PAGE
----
Dr. Ruth Lynfield, Minnesota's state epidemiologist who took part in the investigation, said, "The fact that we now see emergence of ciprofloxacin resistance in this bacterium is very troubling. This underscores the importance of using antibiotics appropriately, so we don't overuse them."
Lynfield said health officials are worried about a repeat of the experience with gonorrhea, in which antibiotic resistance spread quickly after it first occurred. "We do think that it is related to overuse of antibiotics in the community," she said.
A vaccine against meningitis is available, but it is not effective against all strains of the bacteria, she said.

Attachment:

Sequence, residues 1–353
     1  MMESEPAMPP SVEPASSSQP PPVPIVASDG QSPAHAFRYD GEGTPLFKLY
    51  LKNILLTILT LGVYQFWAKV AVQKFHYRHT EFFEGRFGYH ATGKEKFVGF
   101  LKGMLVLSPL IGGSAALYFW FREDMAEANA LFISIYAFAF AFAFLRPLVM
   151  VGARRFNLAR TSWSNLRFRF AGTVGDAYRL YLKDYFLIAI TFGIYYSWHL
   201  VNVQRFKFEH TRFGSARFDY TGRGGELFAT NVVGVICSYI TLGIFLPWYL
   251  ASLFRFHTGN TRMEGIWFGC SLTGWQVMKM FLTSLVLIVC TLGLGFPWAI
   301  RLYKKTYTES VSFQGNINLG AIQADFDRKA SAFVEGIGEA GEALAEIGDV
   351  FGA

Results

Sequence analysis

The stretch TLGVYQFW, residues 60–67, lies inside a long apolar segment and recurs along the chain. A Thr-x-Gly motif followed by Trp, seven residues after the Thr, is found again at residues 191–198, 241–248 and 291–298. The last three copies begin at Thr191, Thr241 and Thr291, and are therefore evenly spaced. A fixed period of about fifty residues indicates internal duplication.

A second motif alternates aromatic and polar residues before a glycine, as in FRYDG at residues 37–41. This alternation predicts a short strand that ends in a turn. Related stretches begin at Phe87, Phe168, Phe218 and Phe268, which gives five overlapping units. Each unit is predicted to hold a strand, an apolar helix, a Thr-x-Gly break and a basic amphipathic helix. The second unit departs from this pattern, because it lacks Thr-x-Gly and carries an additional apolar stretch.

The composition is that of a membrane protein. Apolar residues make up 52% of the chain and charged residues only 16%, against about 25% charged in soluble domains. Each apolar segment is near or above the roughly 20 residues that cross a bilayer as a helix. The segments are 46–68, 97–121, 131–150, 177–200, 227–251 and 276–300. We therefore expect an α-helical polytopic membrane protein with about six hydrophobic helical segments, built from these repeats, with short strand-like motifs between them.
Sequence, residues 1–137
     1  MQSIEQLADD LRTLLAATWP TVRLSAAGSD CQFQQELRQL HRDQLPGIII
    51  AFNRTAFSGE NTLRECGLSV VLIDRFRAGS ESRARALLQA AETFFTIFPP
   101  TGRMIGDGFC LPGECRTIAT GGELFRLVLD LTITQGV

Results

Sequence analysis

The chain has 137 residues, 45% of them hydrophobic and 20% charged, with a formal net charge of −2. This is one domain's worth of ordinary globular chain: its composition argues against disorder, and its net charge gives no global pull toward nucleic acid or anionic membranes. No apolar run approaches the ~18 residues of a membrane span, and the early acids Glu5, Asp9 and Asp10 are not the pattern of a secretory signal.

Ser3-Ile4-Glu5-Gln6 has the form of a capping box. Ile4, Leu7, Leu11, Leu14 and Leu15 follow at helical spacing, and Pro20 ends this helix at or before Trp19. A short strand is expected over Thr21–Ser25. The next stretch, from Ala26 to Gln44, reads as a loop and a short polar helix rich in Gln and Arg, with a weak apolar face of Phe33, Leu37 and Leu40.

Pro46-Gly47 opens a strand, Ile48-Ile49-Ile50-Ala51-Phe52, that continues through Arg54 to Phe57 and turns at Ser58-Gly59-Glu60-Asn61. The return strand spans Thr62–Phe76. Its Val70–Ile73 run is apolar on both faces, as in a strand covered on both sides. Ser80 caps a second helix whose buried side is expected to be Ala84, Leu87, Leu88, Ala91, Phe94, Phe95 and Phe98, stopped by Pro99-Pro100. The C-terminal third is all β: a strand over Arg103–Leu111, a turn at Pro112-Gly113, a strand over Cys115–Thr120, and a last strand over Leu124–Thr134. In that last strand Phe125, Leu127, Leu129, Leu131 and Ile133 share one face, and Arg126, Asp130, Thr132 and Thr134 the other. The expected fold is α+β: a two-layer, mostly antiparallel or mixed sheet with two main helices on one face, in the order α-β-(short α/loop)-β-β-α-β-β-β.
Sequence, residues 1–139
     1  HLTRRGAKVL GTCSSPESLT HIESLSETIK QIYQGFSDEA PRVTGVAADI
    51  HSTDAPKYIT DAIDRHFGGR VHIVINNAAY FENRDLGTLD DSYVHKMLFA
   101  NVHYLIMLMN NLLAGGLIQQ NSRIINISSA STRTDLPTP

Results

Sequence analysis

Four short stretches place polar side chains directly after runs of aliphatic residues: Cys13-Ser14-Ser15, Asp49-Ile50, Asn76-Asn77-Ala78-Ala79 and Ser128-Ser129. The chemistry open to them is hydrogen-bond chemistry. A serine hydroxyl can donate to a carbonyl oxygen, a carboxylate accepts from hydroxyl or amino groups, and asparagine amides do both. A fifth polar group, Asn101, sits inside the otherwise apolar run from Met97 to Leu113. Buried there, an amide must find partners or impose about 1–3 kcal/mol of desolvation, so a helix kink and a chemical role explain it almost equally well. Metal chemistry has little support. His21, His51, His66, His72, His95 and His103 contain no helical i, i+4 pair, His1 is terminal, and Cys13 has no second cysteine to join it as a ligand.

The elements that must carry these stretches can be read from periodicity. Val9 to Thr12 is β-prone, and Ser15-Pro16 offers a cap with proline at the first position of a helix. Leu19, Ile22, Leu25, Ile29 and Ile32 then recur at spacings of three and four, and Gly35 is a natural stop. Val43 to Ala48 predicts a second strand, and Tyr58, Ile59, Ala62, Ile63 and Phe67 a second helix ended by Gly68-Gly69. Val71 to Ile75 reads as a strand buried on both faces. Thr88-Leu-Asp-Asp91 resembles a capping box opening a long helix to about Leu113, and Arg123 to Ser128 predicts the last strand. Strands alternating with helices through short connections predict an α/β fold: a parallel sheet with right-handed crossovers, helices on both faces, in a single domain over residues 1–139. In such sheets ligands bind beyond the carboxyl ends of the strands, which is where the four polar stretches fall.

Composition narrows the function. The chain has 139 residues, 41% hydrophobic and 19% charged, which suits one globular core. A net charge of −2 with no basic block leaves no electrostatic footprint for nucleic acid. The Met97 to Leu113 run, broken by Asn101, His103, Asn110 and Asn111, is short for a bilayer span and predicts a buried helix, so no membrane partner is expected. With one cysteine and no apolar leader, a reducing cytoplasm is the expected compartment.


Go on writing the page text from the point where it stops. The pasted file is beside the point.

Antibiotics should be used only against bacterial infections -- not viral infections, including the common cold -- and only when prescribed by a doctor, Lynfield said.
"We all have a role in safeguarding these advanced antibiotics, because we are rapidly losing the tools in our toolbox," she said.
Learn more about meningitis from the U.S. Centers for Disease Control and Prevention.
SOURCES: Henry M. Wu, M.D., U.S. Centers for Disease Control and Prevention epidemic intelligence service, Atlanta; Ruth Lynfield, M.D., state epidemiologist, Minnesota Department of Health, St. Paul; Feb. 26, 2009, New Engand Journal of Medicine
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